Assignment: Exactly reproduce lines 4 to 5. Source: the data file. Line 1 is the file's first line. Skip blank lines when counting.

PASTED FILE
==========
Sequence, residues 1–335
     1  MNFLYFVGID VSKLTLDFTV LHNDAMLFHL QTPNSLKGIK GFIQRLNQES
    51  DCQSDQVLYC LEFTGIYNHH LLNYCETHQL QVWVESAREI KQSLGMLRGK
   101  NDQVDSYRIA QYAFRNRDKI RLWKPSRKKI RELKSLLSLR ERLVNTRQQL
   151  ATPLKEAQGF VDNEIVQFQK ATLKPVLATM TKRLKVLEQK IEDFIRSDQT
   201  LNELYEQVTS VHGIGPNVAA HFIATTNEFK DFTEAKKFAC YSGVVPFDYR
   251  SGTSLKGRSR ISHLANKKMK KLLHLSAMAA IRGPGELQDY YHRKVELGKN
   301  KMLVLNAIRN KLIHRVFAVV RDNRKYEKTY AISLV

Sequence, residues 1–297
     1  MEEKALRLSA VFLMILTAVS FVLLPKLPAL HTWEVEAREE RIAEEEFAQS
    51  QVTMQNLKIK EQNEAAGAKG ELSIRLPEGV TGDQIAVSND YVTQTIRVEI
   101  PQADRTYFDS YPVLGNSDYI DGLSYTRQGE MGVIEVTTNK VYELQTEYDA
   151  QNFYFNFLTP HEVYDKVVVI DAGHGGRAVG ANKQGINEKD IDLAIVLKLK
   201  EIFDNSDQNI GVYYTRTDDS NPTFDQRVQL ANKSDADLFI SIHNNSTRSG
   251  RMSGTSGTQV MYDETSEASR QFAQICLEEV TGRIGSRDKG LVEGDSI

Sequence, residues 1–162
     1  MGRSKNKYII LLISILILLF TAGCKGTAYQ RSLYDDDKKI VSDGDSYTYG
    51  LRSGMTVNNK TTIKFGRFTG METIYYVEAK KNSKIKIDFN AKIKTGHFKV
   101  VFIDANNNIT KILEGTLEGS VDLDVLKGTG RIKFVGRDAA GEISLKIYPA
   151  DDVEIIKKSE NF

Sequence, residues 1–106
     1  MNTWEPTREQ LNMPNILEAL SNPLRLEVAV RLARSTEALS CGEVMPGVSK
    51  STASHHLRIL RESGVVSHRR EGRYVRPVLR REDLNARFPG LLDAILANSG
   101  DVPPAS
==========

   101  NDQVDSYRIA QYAFRNRDKI RLWKPSRKKI RELKSLLSLR ERLVNTRQQL
   151  ATPLKEAQGF VDNEIVQFQK ATLKPVLATM TKRLKVLEQK IEDFIRSDQT